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How Ikea mastered the Gruen effect

Retail stores use many tactics to get shoppers to make unplanned purchases.

Carlos Waters/Vox

Researchers estimate that 50 percent of purchases are unplanned. These purchases present an opportunity for retailers who can entice consumers to deviate from their shopping lists.

One of the most effective ways to influence consumer behavior is through a store’s architecture. Master architect Victor Gruen had a hunch about creating spectacles with light and elaborate displays. In his early designs of storefronts on Fifth Avenue in Manhattan, he created some of the first window shopping experiences, reducing the threshold between passersby and the products — and converting them into shoppers. It proved wildly successful, so much so that people now refer to this conversion as the “Gruen effect.”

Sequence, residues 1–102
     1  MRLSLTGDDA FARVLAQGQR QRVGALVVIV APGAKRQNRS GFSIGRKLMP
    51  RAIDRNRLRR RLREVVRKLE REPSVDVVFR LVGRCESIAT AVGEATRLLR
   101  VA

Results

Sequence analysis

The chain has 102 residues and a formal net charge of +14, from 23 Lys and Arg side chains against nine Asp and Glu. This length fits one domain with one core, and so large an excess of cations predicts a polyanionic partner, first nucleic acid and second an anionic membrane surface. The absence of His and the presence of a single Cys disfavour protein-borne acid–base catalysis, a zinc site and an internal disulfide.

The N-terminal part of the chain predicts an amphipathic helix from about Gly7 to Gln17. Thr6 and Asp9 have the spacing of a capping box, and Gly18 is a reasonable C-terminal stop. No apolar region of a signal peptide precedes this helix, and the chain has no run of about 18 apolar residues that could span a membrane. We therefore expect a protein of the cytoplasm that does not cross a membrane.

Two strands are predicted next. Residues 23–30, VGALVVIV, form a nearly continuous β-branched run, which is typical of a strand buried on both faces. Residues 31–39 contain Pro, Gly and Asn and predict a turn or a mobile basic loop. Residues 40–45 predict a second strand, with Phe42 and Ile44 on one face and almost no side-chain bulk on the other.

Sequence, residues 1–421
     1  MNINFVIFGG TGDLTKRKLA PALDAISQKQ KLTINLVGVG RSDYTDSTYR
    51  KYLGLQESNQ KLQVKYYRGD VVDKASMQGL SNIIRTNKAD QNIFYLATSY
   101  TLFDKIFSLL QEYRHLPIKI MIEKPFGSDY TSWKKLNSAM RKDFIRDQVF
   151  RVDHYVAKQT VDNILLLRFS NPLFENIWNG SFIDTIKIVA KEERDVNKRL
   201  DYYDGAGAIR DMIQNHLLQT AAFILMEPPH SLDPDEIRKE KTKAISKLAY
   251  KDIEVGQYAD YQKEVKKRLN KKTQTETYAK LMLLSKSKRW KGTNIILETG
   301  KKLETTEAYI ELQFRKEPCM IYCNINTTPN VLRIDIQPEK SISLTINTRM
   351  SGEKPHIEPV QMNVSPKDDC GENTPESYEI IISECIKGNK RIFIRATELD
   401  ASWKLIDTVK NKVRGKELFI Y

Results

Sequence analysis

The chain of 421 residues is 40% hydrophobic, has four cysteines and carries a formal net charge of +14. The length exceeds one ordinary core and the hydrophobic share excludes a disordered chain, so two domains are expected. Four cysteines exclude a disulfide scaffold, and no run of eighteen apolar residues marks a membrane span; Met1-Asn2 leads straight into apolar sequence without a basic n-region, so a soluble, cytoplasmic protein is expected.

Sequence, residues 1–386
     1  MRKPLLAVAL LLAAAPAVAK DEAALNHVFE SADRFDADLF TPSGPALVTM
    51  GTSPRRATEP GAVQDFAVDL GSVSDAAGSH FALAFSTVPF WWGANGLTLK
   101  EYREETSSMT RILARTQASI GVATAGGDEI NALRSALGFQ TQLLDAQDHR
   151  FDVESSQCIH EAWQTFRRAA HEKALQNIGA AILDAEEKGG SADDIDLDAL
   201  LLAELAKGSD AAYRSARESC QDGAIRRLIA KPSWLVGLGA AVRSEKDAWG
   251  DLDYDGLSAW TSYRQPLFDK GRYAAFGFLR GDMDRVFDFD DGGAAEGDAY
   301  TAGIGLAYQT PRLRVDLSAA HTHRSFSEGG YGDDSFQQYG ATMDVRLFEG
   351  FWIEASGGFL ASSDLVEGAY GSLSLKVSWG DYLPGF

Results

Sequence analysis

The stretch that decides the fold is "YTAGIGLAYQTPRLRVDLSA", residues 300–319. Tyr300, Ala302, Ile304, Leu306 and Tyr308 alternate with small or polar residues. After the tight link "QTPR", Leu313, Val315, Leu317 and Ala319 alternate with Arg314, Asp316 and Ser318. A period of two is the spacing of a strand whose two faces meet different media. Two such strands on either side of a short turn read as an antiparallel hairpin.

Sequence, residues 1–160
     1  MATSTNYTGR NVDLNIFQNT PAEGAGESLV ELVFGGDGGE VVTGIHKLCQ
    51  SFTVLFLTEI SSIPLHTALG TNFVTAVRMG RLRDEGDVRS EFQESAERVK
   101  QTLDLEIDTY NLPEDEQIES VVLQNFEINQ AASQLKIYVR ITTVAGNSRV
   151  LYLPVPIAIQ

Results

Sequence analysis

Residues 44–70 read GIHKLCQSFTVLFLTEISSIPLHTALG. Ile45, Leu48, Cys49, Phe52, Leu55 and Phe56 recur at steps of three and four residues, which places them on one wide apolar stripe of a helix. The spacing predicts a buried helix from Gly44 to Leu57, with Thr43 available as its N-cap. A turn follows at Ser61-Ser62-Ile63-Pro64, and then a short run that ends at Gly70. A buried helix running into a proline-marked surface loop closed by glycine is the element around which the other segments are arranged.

Ikea has mastered the Gruen effect using story layout to influence customer behavior. From the moment you enter an Ikea, layout designers nudge you onto a specific path through a maze of products. That path is the least direct route to the register. By the time you’ve finally picked up a shopping cart and selected your first item, you’ve considered the possibilities of purchasing many of the items on display.

Researchers have found that increased exposure leads to impulse buys.

Watch the video above, featuring professor Jeffrey Inman of the University of Pittsburgh and visualizations by Farah Kazim, to learn about how Ikea has mastered the Gruen effect.

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